So it turns out that if your work space isn't functional, it's hard to function in it. Who knew, right?
Since I came to graduate school five years ago, I've been working on the same 24"X36" table. That's where my computer, stacks of paper, mug of pens, books, CDs, and any number of pointless objects have lived. I have no idea why I thought that was a good idea. I mean, there is the space thing. That space thing where I have none to work with. I live in a tiny little house with a tiny little yard and a tiny little bedroom and no office space. Anywhere. Hell, I don't even have closets. It's my own little 600 square foot paradise, and I love it truly.
But let's be honest. I'm a grad student. I dream of an office with big windows and high ceilings and infinite bookshelves from floor to ceiling. I dream of room to pace and mutter, a rug on the floor where I can sit and organize documents in piles around the room, an enormous desk with a hutch full of cubbies and slots for papers and paperclips. My office dreams are big dreams. My space is very small.
I've known for a while that the little table shoved into a corner of my kitchen was not working for me. I vowed to rework it this summer. I spent the better part of a week looking at desks in shops and furniture stores and office supply warehouses. I measured and measured and measured. I measured my tiny space so many times that Bug would bark at me when I pulled out the tape measure, sure it meant nothing fun was coming his way. I made many frustrated phone calls to my mother, who apparently is required by motherly obligation to listen to me whine and bitch about the limitations of my space and bank account.
And then last week, the following e-mail arrived in my in-box:
Available: A desk. Big dark wood, 58" long, no drawers. Lots of great dissertating space. With this desk, the dissertation pretty much writes itself. (It takes like a decade to do it, but it pretty much writes itself.)
I immediately began negotiations for the desk. I admit that I was wooed, sight unseen, by a desk that might write my dissertation for me. If I was willing to get rid of a bookcase (oh, god) I had 60" in which to slip a desk. The desk came home with me a few days later, revealing itself to be, frankly, ugly and battered, but an excellent size with excellent potential. I spent the next four days sanding, painting, and moving things about. Rearranging and finding homes for the books displaced by the sacrificed bookshelf took two full days. (No, really. Turns out that my books are arranged such that if one spot is lost, the entire organization must be redone.) Untangling and organizing all the cords and plugs around my desk took an embarrassing amount of time. I spent, seriously, a full day looking for some kind of storage device to put on the desk so I'd have a place to put my small and much-loved plant. I found one.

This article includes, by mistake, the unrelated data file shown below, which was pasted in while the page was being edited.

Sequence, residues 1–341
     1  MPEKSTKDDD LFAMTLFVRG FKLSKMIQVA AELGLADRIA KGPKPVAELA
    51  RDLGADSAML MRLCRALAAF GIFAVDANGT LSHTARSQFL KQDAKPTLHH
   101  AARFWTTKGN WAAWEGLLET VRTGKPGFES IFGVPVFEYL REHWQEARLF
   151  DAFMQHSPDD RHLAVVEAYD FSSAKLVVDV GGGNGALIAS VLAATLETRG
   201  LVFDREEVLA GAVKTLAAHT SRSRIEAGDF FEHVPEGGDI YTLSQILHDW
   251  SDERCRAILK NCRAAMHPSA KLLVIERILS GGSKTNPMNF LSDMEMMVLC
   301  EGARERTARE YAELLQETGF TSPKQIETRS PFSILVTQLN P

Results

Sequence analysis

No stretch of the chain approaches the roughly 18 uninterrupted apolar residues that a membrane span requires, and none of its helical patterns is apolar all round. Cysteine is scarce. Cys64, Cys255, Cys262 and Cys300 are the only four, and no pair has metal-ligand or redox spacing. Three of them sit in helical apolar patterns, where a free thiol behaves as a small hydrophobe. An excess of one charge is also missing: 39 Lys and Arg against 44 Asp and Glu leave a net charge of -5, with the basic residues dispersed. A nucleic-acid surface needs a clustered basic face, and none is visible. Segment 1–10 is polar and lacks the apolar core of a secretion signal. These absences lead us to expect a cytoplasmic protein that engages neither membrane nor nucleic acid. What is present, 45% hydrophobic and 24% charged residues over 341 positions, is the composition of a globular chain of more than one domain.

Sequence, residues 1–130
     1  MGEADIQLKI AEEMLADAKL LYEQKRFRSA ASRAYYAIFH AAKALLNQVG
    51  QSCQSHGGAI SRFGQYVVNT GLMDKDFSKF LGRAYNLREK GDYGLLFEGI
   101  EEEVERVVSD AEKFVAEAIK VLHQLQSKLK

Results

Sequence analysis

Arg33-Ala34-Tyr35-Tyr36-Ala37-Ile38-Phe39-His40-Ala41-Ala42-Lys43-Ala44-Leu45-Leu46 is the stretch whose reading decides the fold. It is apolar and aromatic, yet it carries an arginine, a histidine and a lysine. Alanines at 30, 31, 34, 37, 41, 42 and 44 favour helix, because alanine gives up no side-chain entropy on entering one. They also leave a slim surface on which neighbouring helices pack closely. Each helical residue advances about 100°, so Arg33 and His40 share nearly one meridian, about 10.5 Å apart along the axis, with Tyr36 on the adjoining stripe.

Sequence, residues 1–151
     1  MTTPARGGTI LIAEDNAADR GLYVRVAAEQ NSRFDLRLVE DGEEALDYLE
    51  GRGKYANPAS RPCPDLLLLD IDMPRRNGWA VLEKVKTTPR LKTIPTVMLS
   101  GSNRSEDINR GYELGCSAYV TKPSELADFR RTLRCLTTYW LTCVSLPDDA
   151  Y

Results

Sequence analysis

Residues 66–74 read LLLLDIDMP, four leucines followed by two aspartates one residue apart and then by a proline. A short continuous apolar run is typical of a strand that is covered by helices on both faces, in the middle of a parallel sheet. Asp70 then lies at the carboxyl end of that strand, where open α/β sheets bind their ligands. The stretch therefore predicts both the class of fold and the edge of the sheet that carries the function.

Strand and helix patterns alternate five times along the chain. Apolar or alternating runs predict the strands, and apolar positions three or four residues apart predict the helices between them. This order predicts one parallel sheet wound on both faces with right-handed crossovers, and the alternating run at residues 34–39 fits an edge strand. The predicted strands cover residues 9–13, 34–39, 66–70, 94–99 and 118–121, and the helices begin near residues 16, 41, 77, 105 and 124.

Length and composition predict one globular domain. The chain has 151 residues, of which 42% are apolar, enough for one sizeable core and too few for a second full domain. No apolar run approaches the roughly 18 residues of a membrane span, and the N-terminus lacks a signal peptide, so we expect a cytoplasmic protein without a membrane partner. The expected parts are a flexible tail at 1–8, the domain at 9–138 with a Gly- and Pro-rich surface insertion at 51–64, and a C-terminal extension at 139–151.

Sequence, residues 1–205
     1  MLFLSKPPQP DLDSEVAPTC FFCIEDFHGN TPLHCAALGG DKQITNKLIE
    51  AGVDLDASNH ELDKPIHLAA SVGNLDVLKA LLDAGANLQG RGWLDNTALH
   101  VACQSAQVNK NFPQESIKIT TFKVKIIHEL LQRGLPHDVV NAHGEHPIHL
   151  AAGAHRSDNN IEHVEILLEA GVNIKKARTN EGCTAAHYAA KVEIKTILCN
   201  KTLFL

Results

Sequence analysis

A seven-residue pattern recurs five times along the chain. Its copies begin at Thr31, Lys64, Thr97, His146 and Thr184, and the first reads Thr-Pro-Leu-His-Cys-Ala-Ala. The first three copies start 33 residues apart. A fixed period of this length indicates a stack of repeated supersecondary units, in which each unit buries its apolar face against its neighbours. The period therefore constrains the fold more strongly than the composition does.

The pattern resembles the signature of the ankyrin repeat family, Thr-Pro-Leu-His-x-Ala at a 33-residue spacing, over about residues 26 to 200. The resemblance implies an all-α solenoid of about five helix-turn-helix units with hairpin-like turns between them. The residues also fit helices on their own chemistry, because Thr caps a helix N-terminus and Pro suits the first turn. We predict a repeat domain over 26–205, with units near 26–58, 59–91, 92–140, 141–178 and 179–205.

And then last night, I put my computer on the new space, my pens, my plant. I placed a sunflower from my garden on the filing cabinet and a picture of my grandmother next to the plant. I stood back, and looked, and suddenly felt like a dragon erupted from my chest, beating its wings as it flew from the house. I couldn't stop looking at the new space. I giggled when I walked past. I was so fucking relieved.
I had no idea how badly I needed an office space that worked. I woke up in the night last night and smiled. And today, with my grandmother looking on and a perfect view of a hilarious chickadee making short work of the seed in my feeder, I did more work than I've done in months. Months. I sent e-mail and made notes and thought thoughts. I didn't get up and pace around and I didn't look longingly at the television, though I can see it from here. I ran some errands at lunch, and came back to my desk, excited to sit and stare at the computer and out the window and cross things from my list. And now, I sit here blogging. I sit in my new office space and dream of the work I'll get done instead of the space in which to do it. I'll just keep dreaming. My desk is going to write the dissertation now.